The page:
What’s with all the dollar stores?
The big three chains — Dollar General, Family Dollar and Dollar Tree — combined have filed plans within the past year to add 12 stores in the Jacksonville area.
That’s a nearly 10 percent increase in the local store count, and solidly above the chains’ already healthy national growth rate of 3-7 percent.
Cash-strapped consumers who turned to bargain hunting during the recession’s slow recovery are one of the forces driving the growth.
But company officials say their stories are more complicated than that. The companies also have been revamping their formats and products to attract convenience shoppers, pulling them away from competing store formats.
The three chains combined opened nearly 1,500 new stores in 2013 nationwide, bringing their total U.S. count to more than 24,000. A white paper by real estate consultant Colliers International in 2011 said the number of dollar stores had surpassed that of the three biggest drug store chains: Walgreens, CVS and Rite Aid.
“We believe there has been a structural change to the U.S. population as a result of the Great Recession, and people now view the way they spend money much differently,” Bryn R. Winburn, a spokeswoman for Family Dollar, wrote in an email.
The company has traditionally targeted urban customers in secondary retail markets.
“It’s en vogue to save money, and save money on the products you buy every day. … We carry products that you will find at drug and grocery, but at a better price,” she said.
Discounters picked up opportunities in a void left by mid-market retailers, flailing for customers in the downturn, said Cliff Taylor, a commercial broker who specializes in retail investments for CBRE in Jacksonville.
“You saw a lot of these big box retails go away, like Linens ‘N Things and Circuit City, who both went through bankruptcy,” he said. “Who fills some of those locations, if not discount stores like Big Lots? Landlords who might not have talked to them for what we would consider to be Class A retail space, all of a sudden started doing deals, because they were one of the only viable tenants at that time.”
But the growing ranks of value shoppers doesn’t tell the whole story.
Dollar stores are positioning themselves as successor to the old five-and-dime general stores - the small-box, quick trip place to pick up essentials. The convenience appeals to today’s consumers, as starved for time as they are for money.
“We build our customer base on value and convenience, and convenience is going to be a major reason why customers come and shop with us,” Dollar General spokeswoman Crystal Ghassemi said.
In 2008, Dollar General’s new CEO restructured the company for expansion, Ghassemi said. Attracting more convenience shoppers appears to have been part of the new plan.
Dollar General added more perishable food items to its stores, a move mirrored by Dollar Tree and Family Dollar.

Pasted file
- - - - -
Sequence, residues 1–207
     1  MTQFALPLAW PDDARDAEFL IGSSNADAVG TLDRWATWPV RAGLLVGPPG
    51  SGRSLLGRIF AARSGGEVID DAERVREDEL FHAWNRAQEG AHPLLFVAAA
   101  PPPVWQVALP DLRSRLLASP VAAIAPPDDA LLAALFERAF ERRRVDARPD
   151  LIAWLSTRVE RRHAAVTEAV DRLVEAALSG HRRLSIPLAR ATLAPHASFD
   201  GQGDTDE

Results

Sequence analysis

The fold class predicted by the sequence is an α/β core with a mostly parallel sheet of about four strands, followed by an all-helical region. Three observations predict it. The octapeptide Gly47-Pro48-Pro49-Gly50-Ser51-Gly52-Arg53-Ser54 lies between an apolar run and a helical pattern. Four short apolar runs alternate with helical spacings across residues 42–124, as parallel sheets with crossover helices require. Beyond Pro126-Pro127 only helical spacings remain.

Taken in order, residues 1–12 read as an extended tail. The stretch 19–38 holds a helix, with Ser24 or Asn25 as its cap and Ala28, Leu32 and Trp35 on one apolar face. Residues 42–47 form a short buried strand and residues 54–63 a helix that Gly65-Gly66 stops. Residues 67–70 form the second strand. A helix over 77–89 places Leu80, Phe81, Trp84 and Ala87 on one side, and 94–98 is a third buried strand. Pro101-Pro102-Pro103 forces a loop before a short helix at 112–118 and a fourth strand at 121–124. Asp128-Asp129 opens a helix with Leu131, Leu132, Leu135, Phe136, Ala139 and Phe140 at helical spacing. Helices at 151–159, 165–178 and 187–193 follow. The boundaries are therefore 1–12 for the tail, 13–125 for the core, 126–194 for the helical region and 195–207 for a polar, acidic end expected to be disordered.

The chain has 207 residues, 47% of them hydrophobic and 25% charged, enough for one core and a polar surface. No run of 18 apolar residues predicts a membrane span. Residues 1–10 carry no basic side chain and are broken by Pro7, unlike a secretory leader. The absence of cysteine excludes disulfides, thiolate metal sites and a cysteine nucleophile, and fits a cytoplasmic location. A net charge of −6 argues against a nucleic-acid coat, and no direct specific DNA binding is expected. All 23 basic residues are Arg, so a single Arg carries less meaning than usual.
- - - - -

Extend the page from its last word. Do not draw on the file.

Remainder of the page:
“We are going to have an assortment of the products people use and replenish most often,”Ghassemi said.
Family Dollar, over the past two years alone, has increased its food assortment by more than 30 percent, Windurn said, adding brand-name products like Pepsi, Tyson chicken, Gorton’s fish sticks, and Nestle’s chocolate chip cookies.
Food is one of the reasons dollar stores began moving from inline spaces in strip shopping centers anchored by a major grocer to free-standing, outparcel buildings, Taylor said. The grocers had non-compete agreements with landlords on perishable food items.
Another reason dollar stores are moving is to improve their location.
Dollar stores have begun to compete more seriously for the quick-in, quick-out customers, picking up general merchandise on their way to or from somewhere else, Taylor said.It’s a customer that drug stores and gas stations have long served.
“If I’m Dollar General, stuck in line back behind whatever is in the strip portion of the center, and Walgreens and Gate Petroleum are across the street on a big going-home corridor — if I’m selling bread and they’re selling bread, chances are customers are getting bread from one of those two and not from me,” Taylor said. “Everyone wants to be in these highly visible, easy in, easy out, sitting-up-on-the-road locations where they offer very convenient everyday goods.”
Small box, general store with a convenient location – it’s a format that has been successful enough to draw the attention of retail giant Wal-Mart. The company announced in February it would accelerate a plan to blanket the country with scaled-down versions of its supercenters. It expects to open between 270 and 300 small stores throughout 2014, double the number previously announced.
In the race to open stores, the dollar stores project years of growth.
“We have 11,300 stores today, Ghassemi said. “Through our real estate pipeline we’ve identified an additional 14,000 locations that would be a good fit.”